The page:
Robert Farnon’s arrangement
Analysed by Robert Walton
This track from the LP “Presenting Robert Farnon” was recorded in 1950 and produced by Tutti Camarata. It was a fantasy of Farnon’s to hear a large string aggregation play his setting of Laura. Well, thankfully he finally got his chance and his dream came true.
Without any preamble, he goes straight into the tune achieving far more impact than any introduction. After all, it worked perfectly well for When I Grow Too Old To Dream, Always and To A Wild Rose on the same disc. The famous Farnon strings in slow foxtrot tempo caress the lovely Laura as only they can. In the first break on the word “light”, the céleste provides some sprightly movement over a sustained chord (“misty light”). This small keyboard instrument sounding like the glockenspiel was a favourite decorative device of Farnon’s at the time, as well as being part of the backing behind vocal numbers.
In the next pause on the word “hall”, four lower string “brush” strokes give her portrait a bit more interest. The céleste returns to add some colour in the next section (“The laugh that floats on a summer night that you can never quite recall”). Typically Farnon doesn’t overdo the ornamentation at this early stage keeping it comparatively straight.
Then the arrangement starts to ever so slightly go up a gear (“and you see Laura”) with his unique unison violins gathering intensity and height but sounding like no other orchestrator. It’s hard to believe violins on the same note would instantly identify Farnon the founding father, but this master of mood music carries us all up into the ether whether we want to or not. To end the first chorus (“She gave your very first kiss to you”) back we go to a rich warm low-key affair slowing right down.
The harp then emulates a bell tolling, as if heralding a stirring solo in a violin concerto, interspersed by some glorious Gould-like swells. Never has popular music been so elevated. The strings gently conclude this lazy laid-back look at Laura by also providing some downward chromatic decoration with the harp for the coda. After landing on the home harmony, restless strings, not quite finished, take a little wander before finally coming to a halt. Note the irresistible dissonance between the sustained last note of the tune and the wayfarers. It’s all part and parcel of the Farnon genius.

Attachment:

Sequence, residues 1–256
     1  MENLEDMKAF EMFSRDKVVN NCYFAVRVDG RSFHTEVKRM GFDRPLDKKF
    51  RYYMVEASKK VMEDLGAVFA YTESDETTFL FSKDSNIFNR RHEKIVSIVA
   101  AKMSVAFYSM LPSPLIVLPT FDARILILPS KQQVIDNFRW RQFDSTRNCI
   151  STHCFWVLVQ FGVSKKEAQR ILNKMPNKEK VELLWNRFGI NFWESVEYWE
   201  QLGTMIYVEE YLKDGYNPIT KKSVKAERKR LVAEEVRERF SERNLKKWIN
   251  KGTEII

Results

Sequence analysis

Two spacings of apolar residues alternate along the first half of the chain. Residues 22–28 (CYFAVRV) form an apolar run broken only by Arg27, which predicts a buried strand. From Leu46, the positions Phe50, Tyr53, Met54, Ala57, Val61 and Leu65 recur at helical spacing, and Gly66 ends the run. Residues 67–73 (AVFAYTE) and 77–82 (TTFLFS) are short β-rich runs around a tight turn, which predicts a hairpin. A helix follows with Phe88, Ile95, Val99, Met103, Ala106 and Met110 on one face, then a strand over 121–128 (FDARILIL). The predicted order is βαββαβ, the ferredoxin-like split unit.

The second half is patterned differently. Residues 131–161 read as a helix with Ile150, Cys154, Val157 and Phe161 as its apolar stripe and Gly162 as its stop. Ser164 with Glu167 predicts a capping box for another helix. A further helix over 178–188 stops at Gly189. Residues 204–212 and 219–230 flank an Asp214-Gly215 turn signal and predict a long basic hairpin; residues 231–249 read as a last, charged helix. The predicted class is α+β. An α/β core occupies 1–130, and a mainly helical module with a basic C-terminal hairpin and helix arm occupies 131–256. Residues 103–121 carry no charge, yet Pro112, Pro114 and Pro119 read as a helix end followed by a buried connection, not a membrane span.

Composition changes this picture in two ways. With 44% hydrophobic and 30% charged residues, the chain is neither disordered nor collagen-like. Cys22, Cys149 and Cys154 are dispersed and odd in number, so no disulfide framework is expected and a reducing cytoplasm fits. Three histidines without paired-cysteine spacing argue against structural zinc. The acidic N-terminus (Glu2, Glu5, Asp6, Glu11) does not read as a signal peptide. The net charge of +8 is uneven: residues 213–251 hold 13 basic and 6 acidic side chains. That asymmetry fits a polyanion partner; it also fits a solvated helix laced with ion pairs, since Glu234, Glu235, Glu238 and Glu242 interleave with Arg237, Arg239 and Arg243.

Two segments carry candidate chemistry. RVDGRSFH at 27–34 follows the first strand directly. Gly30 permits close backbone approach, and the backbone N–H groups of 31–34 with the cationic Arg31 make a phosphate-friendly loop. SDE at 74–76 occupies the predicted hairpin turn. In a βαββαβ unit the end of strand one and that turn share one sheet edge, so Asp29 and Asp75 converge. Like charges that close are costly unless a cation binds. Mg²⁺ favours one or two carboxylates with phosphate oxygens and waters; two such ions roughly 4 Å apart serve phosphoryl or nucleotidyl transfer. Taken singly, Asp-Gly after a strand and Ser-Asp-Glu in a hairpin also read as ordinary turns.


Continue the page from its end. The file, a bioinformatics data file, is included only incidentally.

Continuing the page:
David Rose’s arrangement
Anaysed by Robert Walton
The trademark Rose string sound (tune on top of a violin chord in the treble and celli on the same melody note two octaves below) instantly hits you for six as it declares this 1952 arrangement open. This calling card is Rose’s “fanfare!”. Never faraway in a Rose score is the oboe, a distinct reminder of the music of Victor Young at the start of an LP of Paul Gallico’s “The Snow Goose” read by Herbert Marshall. In Rose’s case the oboe makes its presence first felt in a fast descending scale, only to be assailed by the opening chord again. But we’re not quite through with the woodwind as the mellow bassoon adds its homage to our special lady.
After all that, we’re finally off with Rose’s rubato-ing strings sounding very much in control of the strain of this beautiful Italian, Spanish and English girl’s name. It’s the feminine form of the Late Latin male name Laurus. The oboe is back playing over “misty light” and the strings take us onwards to “the hall” when muted brass act as fillers, joined by a rhythm section, before taking over the tune with “The laugh that floats on a summer night”. Decorating the word “night” the violins produce an ethereal effect using harmonics. This is followed by a woodwindy “that you can never quite recall”.
Subdued strings, now minus rhythm, (“And you see Laura”) with a harp, clarinet and flute for company, move on to another sudden outpouring of emotion with a French horn ‘swimming’ inside the chord. And then gradually the strings build up for the end with small outbursts of musical steam like an unpredictable volcanic geyser site. The final wail from the “wall of sound” with echoes of the opening is repeated softly.